What is ‘New Adult’ ?


Okay guys, so what is ‘New Adult’? Well to be honest with you, I only heard the term myself  a few months ago. Looking online it would seem that the NA and YA debate has been going on for quite some time, and as I describe myself as someone who writes both adult and YA fiction, I thought it was about time I got to grips with this new genre… NA.

I Googled around a bit to answer this question, and it would seem that everyone has their own thoughts on it – just like they did on YA when it became popular all those years ago. Here’s the sum of my findings; you might not agree with me, you may have your own ideas – and if you do, please feel free to add to this post by leaving a comment below.


In YA, readers like reading about characters who are just a little above their own age – so the maximum age here is around 19. NA is there to bridge the gap between young readers/ teenagers to, well New Adults – so characters should be in their twenties and therefore have scope to deal with more adult situations. 


To me, the biggest ‘no,no’ in YA is sex. You don’t have sex scenes in them, you can elude ever so slightly to them, but you can’t glamorize sex in any way – same goes for drugs and rock ‘n’ roll – no wait, rock ‘n’ roll is fine! LOL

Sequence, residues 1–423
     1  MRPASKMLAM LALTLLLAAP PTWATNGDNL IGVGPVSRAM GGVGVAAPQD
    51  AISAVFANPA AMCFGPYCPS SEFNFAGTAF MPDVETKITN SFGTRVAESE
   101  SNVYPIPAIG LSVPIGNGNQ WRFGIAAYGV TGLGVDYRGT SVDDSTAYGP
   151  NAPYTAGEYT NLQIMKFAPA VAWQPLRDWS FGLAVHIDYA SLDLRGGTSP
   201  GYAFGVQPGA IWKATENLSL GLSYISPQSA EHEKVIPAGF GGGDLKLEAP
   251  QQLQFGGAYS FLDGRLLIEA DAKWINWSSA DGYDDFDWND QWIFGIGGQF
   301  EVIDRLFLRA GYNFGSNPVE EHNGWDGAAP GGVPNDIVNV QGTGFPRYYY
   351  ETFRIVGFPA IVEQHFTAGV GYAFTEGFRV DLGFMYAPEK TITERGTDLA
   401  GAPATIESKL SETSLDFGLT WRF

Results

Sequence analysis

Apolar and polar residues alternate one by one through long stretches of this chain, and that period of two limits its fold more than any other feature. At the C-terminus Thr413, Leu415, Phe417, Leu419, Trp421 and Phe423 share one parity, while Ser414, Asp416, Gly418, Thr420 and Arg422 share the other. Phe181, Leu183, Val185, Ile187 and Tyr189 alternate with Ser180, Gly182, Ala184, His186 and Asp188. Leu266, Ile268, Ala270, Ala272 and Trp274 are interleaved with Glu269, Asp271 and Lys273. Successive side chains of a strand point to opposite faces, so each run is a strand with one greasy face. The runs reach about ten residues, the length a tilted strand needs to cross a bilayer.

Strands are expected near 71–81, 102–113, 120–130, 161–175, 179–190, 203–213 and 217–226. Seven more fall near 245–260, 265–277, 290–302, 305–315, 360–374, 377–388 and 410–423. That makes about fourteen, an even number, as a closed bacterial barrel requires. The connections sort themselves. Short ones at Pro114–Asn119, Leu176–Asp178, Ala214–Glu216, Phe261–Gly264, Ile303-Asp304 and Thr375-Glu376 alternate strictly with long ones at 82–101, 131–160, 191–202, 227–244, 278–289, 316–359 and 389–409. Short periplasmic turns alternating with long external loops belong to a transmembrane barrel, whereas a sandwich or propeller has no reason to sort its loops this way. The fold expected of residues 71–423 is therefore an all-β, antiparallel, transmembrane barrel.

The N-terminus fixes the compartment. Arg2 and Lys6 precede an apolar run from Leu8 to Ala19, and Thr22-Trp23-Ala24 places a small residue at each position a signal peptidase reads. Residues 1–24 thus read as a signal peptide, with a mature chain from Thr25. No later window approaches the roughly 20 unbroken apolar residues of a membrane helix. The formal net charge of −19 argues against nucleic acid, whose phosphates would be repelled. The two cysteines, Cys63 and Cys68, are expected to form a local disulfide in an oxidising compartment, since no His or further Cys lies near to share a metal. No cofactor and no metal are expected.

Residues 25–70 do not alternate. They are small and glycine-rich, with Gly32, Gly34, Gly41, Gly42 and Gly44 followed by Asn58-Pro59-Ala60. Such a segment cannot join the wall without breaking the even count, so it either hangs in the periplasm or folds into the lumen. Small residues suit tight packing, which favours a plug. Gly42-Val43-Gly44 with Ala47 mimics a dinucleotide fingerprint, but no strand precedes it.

Within the NA genre there is room for sex, as characters are older and it would be quite frankly unrealistic to not include at least a mention , just don’t go too over the top. Personally I’d stick to kissing, and leave the reader at the bedroom door.


In YA the themes and character arcs are very much all about growing up and turning from child into adult. Responsibility and changing for the better are common traits in YA books. When you hit your twenties you should have already gone through these personality changes, so you really need to think back to the main issues you had at that age. To me, its very much that you suddenly have all these new adult responsibilities, yet still have some childhood restrictions on you. Parents of twenty somethings will know all about this – they’re still a child in your eyes, but in the eyes of the world they’re an adult.


With NA, you have more room to move on your character’s lives and what they do. In their twenties they could still be at university, or be working. They could even be married, or have a child. To me, NA seems to lend itself more to the supernatural and paranormal genre. Themes and content that were off limits in YA are suddenly back on the menu with NA. And although I’ve never censored either action or bad language in my YA stories, you can really go for the gusto in NA.

As always, check out publisher guidelines before submitting. Most major publishing houses have started splitting off NA into its own imprint and will all have different views of what NA means to them.